In the 1920s the word gigolo came into a vogue to describe a paid (male) escort. The gig (!) did not necessarily imply sexual services though there was a raffish undertone (see Boulevard of Broken Dreams and the most famous song associated with the occupation, Just a Gigolo.
At that point the term was cheerfully sexist - gigolettes need not apply. But in fact the etymology tracks back to gigolette - a French slang term coined in the mid Nineteenth Century. A gigolette was a small boned cut of meat - the unflattering association was with the feminine form. The word also displayed reverse discrimination, only applying to females.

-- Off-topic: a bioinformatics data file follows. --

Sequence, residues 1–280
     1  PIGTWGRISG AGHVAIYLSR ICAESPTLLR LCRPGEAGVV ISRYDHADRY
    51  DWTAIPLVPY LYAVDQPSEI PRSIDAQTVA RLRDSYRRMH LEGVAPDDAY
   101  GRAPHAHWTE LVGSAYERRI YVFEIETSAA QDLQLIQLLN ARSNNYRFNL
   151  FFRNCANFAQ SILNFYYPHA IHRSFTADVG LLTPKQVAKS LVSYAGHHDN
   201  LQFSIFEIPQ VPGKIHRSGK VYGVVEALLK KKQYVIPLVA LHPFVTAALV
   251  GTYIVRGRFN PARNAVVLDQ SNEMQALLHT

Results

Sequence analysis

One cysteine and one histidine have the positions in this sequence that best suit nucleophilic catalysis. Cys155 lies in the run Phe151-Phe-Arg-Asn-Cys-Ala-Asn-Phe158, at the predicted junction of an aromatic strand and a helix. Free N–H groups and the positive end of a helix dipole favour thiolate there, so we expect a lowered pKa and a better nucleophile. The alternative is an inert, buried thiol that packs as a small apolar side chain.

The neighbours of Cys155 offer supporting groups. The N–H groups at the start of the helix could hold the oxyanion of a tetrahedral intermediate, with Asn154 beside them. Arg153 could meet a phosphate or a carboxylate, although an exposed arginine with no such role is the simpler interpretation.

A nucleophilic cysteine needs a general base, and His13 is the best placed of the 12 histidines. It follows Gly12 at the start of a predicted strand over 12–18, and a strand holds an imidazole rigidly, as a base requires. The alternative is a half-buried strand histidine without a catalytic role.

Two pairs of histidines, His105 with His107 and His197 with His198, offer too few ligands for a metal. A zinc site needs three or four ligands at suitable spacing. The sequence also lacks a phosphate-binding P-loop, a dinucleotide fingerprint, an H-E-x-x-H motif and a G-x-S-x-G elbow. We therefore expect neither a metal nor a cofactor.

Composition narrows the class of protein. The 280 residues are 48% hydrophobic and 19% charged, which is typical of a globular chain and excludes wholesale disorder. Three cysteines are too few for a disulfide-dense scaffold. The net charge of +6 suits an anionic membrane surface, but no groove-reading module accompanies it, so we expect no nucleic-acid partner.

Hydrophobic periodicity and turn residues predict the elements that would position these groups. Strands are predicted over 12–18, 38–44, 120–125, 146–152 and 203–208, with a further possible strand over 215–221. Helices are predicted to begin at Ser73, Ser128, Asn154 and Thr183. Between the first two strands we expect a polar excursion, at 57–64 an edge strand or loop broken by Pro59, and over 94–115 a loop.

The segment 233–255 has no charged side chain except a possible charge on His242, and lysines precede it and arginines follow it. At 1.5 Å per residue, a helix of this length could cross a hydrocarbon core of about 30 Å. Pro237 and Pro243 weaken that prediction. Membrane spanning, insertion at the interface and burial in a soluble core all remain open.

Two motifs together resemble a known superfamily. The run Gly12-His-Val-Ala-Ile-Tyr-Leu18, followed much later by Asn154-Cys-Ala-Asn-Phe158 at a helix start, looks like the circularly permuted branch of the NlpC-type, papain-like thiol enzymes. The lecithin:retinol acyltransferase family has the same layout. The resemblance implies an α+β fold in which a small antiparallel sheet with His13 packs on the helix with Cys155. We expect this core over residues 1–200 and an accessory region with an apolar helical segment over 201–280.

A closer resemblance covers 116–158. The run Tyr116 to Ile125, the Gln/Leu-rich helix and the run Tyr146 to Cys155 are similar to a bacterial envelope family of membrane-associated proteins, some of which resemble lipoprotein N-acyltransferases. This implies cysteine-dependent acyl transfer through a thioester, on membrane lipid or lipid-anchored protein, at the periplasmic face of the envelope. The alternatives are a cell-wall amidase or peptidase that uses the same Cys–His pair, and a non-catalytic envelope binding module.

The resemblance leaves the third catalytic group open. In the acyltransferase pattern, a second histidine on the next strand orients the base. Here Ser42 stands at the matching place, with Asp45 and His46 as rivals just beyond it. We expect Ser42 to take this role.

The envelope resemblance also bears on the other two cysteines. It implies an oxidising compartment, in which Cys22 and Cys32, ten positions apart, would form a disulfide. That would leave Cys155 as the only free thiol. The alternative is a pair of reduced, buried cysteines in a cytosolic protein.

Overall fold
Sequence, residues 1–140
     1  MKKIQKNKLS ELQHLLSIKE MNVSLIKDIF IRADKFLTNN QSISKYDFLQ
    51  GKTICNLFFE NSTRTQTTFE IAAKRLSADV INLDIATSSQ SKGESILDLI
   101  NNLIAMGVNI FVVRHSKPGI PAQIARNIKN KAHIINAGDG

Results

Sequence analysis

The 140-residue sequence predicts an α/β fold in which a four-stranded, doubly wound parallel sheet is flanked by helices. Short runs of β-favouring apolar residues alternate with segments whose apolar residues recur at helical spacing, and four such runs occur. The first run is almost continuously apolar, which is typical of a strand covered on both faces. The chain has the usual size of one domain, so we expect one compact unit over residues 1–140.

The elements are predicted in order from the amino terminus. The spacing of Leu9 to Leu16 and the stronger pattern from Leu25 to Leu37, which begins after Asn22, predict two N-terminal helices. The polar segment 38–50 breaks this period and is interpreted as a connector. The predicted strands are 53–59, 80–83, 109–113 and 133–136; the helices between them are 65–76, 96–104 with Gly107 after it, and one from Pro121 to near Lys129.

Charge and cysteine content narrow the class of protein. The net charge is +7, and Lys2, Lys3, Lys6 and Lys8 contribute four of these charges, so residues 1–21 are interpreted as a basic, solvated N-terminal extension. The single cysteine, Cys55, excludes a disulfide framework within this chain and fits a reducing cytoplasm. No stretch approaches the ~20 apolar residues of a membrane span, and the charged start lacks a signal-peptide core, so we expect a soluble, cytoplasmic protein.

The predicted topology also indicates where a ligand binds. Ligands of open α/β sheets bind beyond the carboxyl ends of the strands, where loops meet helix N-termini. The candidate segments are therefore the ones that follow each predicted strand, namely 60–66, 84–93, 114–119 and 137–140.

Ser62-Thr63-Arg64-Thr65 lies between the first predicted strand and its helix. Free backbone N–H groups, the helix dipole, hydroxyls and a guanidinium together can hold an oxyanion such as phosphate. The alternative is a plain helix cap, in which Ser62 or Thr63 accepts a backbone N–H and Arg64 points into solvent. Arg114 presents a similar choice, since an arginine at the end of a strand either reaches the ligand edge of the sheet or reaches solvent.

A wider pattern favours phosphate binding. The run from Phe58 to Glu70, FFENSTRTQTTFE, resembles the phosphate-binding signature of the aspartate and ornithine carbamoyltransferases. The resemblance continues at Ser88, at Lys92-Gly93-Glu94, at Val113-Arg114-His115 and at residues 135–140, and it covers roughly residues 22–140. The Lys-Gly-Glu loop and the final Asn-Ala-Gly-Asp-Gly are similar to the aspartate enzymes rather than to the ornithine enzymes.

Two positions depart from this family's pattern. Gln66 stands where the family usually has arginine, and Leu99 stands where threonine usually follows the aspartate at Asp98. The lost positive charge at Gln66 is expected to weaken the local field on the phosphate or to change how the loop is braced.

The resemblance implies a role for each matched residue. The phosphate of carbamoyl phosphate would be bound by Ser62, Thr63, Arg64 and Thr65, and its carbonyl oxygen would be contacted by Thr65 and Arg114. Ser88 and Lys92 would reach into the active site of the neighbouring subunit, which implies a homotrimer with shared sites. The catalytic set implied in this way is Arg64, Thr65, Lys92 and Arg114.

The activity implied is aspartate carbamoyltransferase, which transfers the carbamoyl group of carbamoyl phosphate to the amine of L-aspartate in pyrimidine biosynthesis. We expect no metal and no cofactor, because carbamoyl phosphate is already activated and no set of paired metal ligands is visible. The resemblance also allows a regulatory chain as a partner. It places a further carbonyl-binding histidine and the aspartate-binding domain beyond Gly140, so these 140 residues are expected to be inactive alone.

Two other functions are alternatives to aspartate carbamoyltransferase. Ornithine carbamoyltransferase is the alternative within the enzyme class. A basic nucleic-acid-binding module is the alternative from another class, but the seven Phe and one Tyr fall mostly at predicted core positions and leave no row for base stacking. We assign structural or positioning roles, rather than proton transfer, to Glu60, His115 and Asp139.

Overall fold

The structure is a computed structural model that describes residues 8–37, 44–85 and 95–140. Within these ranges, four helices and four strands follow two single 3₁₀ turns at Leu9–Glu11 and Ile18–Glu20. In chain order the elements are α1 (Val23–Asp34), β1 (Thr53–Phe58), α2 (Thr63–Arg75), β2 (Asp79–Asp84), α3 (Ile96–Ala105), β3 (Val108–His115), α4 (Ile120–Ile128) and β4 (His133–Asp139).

The emergence of gigolo did not result in a revival of gigolette. There was a 1935 Hollywood feature film with the name on the posters - but that did box office business no favours. The influential film journal described the whole concept as 'sordid'.
Gigolette did soldier on in one popular art form. As that encyclopedia of song, Mark Steyn points out, it is there in the refrain of a 1930s song, The Boulevard of Broken Dreams, a staple of Tony Bennett's repertoire,
The boulevard of broken dreams
Where gigolo and gigolette
Can take a kiss without regret
On this occasion, the great Mr Bennett is joined by Sting: